and therefore they were free of most of the prejudices that tripped up many Christian scholars. which Said perceives as the parent of modern Orientalism. at times it was clear that their criticism of Islam was actually a camouflaged criticism of Christianity. some attacked Islam as a part of their rational. No. Moreover. According to Keith Windschuttle. An important factor in shaping the complex perspective of Oriental studies in the nineteenth century was the entry of Jewish researchers into the field. 26 The argument that the Occident (or actually Europe prior to the twentieth century) primarily defined itself in opposition to the Orient may be questioned as over-simplifying and essentialist. He deals with this by pointedly connecting "Oriental Jews" with Palestinians when writing of Israeli (i. Western) discrimination. the Reformation and Counter-Reformation. secular perception which criticized unenlightened religiosity-parallel arguments were simultaneously made by them against Christianity and Judaism. contrary to Said's portrayal of unflagging European ethnocentrism. That the Jewish concept of peoplehood spans the West and the East is perhaps too threatening to the dichotomy so central to his theory. as opposed to Medieval Europe and the rising anti. Western identity is overwhelmingly defined by historical references to its earlier Middle East Review of International Affairs. Unlike some Christian researchers of Islam. 1 (March 2006) . each tempered by the fluxes of medieval scholasticism. the Renaissance. to the point of even idealizing it as a philosopher's religion. On the contrary.Joshua Teitelbaum and Meir Litvak articles against Curzon. There were among them. many Jewish researchers evolved an almost romantic approach toward Islam.Semitism of the nineteenth century. a number of researchers have demonstrated that though Islam was perceived as Europe's enemy in the Middle Ages. They emphasized its tolerant attitude toward the Jews. Some of them tended to portray Jewish history in Muslim lands as a continuous golden age. as opposed to Christianity's distorted attitude toward sex. They saw it as a religion balanced between a commitment to morality and an acknowledgement of the basic needs of man. other contemporary writers viewed Islam as a rational religion closer to the ideas of the Enlightenment than Christianity. Yet.. Europeans identify themselves as joint heirs of classical Greece and Christianity. as Jews with histories both Middle Eastern and European. 24 A prominent example of the complexity of the Western perspective on Islam is the attitude of the Enlightenment movement in the eighteenth century. the Enlightenment." For these Jewish scholars. 10. Middle Eastern Jews present a problem for the Saidian OrientOccident dichotomy. and juxtaposed it with Christian fanaticism.e. They brought a deep knowledge of Judaism to a comparative study of Islam. even then it had already gained respect and appreciation in the fields of science and philosophy. Islam did not represent the same kind of religious challenge to Judaism that it did to Christianity.25 They stood somewhere between the two worlds. Vol. and modernism. people who spoke admiringly of Islam and its tolerance of minorities. 23 Moreover. These examples demonstrate the existence of discourses on the Middle East other than that characterized by Said. It was thus convenient for Said to leave them out of his one-dimensional portrayal of the Orientalist discourse. they had no missionary approach or nostalgia for the Crusades or much interest in the political 28 aspects of the contemporary "Eastern Question. too. True. In other words.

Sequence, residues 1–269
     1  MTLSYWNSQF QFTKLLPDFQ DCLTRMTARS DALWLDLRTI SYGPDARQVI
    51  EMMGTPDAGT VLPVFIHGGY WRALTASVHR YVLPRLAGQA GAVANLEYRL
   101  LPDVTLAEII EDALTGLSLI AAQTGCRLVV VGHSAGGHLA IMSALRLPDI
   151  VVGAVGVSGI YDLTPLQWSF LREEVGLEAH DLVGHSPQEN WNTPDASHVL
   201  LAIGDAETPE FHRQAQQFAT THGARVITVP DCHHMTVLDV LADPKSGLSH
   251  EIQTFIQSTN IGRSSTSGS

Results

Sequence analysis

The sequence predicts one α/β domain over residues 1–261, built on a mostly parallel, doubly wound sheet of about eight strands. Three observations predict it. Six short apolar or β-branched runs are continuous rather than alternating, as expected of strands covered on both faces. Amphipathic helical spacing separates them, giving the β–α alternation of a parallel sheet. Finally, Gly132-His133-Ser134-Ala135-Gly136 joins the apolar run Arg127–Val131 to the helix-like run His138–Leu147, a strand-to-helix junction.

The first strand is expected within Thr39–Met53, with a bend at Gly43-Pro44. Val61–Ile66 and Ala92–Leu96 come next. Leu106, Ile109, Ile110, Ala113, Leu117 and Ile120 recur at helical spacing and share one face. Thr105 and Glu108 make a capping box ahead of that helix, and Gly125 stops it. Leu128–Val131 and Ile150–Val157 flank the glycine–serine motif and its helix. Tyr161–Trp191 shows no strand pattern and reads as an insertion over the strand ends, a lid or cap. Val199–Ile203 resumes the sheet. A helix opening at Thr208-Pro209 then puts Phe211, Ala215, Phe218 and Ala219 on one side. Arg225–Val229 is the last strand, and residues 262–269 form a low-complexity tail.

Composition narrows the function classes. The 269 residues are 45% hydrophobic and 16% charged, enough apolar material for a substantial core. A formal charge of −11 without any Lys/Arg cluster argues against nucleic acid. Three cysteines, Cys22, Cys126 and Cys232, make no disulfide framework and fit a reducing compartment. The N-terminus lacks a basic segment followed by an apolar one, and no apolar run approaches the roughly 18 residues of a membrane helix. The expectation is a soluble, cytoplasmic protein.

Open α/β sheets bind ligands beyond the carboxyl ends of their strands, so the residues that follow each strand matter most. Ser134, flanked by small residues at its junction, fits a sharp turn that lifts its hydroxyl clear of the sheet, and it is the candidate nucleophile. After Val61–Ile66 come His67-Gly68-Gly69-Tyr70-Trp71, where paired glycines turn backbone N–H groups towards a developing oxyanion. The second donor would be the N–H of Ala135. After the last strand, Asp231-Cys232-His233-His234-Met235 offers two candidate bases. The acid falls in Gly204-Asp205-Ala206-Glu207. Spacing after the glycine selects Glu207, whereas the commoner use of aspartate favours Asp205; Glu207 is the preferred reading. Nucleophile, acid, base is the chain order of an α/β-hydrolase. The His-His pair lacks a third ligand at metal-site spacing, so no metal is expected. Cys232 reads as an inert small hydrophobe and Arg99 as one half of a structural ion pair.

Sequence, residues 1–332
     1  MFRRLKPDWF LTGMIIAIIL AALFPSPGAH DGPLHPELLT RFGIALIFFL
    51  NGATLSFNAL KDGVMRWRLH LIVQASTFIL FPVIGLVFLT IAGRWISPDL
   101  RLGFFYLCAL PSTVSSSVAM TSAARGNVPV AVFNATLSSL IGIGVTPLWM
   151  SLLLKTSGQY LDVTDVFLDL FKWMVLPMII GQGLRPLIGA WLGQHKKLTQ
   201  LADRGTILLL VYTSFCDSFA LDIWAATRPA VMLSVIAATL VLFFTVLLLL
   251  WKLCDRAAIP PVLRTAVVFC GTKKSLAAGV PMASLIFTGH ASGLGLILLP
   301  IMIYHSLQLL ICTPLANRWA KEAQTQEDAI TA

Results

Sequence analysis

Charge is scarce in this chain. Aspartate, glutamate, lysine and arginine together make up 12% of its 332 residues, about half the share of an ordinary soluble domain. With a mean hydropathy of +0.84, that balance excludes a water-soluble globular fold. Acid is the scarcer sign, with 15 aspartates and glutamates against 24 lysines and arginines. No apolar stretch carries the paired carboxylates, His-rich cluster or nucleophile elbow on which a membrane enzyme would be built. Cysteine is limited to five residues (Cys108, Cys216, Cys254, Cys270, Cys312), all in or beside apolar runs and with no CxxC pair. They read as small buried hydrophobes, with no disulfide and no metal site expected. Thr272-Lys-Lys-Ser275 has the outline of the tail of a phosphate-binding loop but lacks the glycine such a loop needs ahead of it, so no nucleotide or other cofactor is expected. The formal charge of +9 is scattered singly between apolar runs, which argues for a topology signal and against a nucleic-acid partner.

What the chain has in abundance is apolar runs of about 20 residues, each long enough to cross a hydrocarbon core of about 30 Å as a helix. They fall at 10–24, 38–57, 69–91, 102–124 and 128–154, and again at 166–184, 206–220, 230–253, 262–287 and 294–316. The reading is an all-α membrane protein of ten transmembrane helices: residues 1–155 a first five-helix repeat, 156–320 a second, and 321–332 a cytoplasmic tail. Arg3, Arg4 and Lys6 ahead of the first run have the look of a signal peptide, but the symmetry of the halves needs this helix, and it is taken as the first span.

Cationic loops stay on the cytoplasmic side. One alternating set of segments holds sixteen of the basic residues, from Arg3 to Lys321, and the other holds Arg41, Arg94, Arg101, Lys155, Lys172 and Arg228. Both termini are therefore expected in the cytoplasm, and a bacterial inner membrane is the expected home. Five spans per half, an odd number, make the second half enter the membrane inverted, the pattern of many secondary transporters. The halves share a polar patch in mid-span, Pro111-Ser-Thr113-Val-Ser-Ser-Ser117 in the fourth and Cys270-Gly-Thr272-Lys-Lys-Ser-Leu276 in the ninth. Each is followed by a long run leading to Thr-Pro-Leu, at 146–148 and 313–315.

all of European thought was hostile toward Jews. Vol. in what he could say about the 29 Middle East Review of International Affairs. 10. asks the Syrian philosopher Sadiq Jalal al-Azm. contrary to what Said would have his readers believe. 29 However. academics who led the discourse often took the lead in undermining prejudices. It can be argued that the number of explicit anti-Jewish tracts-theological or political--throughout western history was probably higher than those devoted to Islam. essential for a proper understanding of human societies and cultures altogether? 31 Thus. is it not true that the West viewed the Middle East in a closed circle of interpretation disconnected from other historical developments. In the final analysis. concluded Bayly Winder. New ideas that surfaced in intercultural contact undermined a priori assumptions time after time. in popular culture the image of the Jew was much more frightening than that of the Muslim. added James Clifford rhetorically. may be challenged as well. 28 Said's disregard of the scope and complexity of research on Islam and the Middle East motivated Rodinson to comment that Said was not familiar enough with the main body of scholarly research on the Middle East. 1 (March 2006) . Likewise. Christian theology and doctrine emerged to a large degree as an antithesis to Judaism. his idea of "Orientalism" is exaggerated and fails to encompass the entirety of how the West understood and conceived Islam. classifying. and the proof of this is that he continued to make his arguments regarding the monolithic character of Middle Eastern studies years after publishing this criticism. and Edward Said: Taking Stock of Orientalism selves rather than by geographical comparisons with others. In reality. and documenting "everything in sight (and out of sight). In order to demonstrate the nature of scholarship as an instrument of domination Said excoriates scholars of the Middle East for dividing into categories. the argument that Islam was the ultimate "other" in Western culture. did to Western scholars of Islam exactly what he accused them of doing to the Middle East. perhaps it is simply impossible to form social or cultural theory. but rather to argue that the picture of defining the "self" and the "other" in European culture was much more complex than the one Said presented. No. and perhaps there is no room for research fields such as sociology?32 Said's over-generalized and non-historic conception of "Orientalism" is at its most radical when he writes that "every European. but rather from a political agenda. Prejudices and stereotypes were endemic but never shaped into an unchangeable united discourse on the Middle East.Students. then. The point here is not made to win the race of victimhood. 27 Conversely. If the inclusion of Marx in Orientalism comes from his lack of attention to individual cases. imply something vicious or is it simply characteristic of all scientific academic work. To claim otherwise is to deny the central thrust of Western education for the past one thousand years. Teachers." 30 Does this. just as it cannot be said that because of antiSemitism. Said's disregarding of this scholarship does not appear to result from a lack of familiarity. the "Orient" was not necessarily the defining "other" of the Occidental self. Said. Said's condemnation of the generalizations made by Western scholars of the Middle East and his insistence that they study the Arabs and Muslims as individuals made some of his Arab critics wonder if this meant that it was impossible or unnecessary to study collective entities. indexing.